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Mr. Otis with brushes
The dust jacket from Mr. Otis, published by Macmillan in 1958
The Oregonian's contention was placed in doubt in 1958 when the Macmillan Company published Mr. Otis, a book containing color reproductions of Otis paintings, "both the masterpieces and the merely great," along with Holbrook's extensive "Notes on an Unusual Artist" and his critical commentary on the paintings. Holbrook, as an art critic, now proclaimed Otis as the founder of the Primitive-Moderne School, adding that the final e was imperative because "it makes the word foreign, hence fashionable." The book allowed Holbrook to satirize art criticism and puncture some of the pretensions of the modern art world, although in a less savage manner than the subsequent efforts of Tom Wolfe in The Painted Word (1975) or Morley Safer on "60 Minutes" in 1992. Thus, Holbrook observed sadly that as Otis' reputation grew he started using phrases such as "exploring further the textural plasticity of space" and "the fluid nuances demonstrated by Marsden Hartley."

The book was the breakthrough event for the artist. Celebrities from art and publishing circles jammed the Carlton House in New York to see the East Coast debut of Mr. Otis. Holbrook, as the "discoverer" of Otis, was on hand and told the reporters that he was "supremely happy to at last achieve permanent fame by riding on the coattails of Mr. Otis."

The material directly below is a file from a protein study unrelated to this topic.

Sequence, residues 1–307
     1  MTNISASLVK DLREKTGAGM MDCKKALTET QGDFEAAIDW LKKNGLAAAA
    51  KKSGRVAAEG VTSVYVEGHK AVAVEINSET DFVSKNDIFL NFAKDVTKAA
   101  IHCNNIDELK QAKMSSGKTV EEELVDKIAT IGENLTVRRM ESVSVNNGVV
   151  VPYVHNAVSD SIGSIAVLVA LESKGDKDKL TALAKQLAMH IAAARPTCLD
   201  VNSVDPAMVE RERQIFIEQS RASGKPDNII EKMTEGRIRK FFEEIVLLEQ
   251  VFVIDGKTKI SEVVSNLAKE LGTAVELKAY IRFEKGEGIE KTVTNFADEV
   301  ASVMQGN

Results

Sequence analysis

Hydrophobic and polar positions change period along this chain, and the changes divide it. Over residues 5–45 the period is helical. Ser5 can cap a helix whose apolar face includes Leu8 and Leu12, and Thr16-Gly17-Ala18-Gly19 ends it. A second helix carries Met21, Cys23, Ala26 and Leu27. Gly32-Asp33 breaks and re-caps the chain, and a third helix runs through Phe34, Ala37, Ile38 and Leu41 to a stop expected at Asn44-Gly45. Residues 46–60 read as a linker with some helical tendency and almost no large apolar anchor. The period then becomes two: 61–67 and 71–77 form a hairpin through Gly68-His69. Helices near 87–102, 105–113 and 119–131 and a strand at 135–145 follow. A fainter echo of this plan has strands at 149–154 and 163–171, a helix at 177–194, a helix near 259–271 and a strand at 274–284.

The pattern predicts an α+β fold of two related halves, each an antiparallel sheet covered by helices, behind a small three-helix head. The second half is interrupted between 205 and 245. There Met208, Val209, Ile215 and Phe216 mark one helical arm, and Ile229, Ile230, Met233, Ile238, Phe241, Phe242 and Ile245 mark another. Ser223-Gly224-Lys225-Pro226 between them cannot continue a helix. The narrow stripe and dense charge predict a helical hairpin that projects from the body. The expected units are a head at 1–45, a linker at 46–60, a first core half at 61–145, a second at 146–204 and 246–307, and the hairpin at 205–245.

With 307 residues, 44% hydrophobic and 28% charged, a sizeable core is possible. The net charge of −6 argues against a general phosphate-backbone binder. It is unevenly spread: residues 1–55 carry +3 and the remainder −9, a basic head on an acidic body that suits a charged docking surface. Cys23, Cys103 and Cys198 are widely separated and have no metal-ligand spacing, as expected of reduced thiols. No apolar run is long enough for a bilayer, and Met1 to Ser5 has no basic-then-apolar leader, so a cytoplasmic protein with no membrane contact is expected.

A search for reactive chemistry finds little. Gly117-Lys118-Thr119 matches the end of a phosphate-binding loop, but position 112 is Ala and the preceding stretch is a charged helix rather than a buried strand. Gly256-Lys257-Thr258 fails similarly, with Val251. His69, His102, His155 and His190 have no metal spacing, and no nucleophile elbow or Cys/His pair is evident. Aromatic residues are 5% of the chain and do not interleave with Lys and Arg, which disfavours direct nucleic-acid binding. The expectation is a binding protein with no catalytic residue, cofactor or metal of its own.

Reviews of the book brought national acclaim to Mr. Otis. American Heritage wrote that "a new talent burst on the art world ... which lies somewhere between Jackson Pollock and Gluyus Williams and within shouting distance of Maxfield Parrish," and compared the Otis-Holbrook relationship to that of Gertrude Stein and Alice B. Toklas. Lewis Gannett observed that "for all its intellectual sophistication Otis' work reaches into primordial depths unknown to the modernist." The Chicago Tribune's art editor hailed Otis as a new American genius who was taking modern art beyond the dead end reached by the abstract expressionists. The Boston Herald and the Detroit Times, apparently missing the point that Otis was a serious artist, hailed the book as a wonderful spoof on modern art.

Copies of the book sold briskly in established art centers, as well as Oregon, and Holbrook arranged to have copies signed in a weak scrawl by "Mr. Otis (the artist)" with Holbrook adding "guaranteed genuine" in his own strong hand. Oregon followers of Holbrook and Otis urged the Portland Art Museum to honor Mr. Otis with an exhibition in his hometown, but the museum staff -- not known in those days for bowing to popular taste or acknowledging the efforts of contemporary artists -- brusquely declined. The Multnomah County Library, Portland's two leading department stores, a gallery, and Erickson's saloon all came to the rescue and held exhibitions of "original and warranted hand painted works of Mr. Otis" during the next few years.

Now for the first time, the painter allowed his works to be sold for cash rather than bartered. Most were offered at prices ranging from $100 to $200. (Roughly the same price as a work by Carl Morris or Louis Bunce at the time.) "I'm amazed ... now they're beginning to buy the damn things," Holbrook was overheard to comment.


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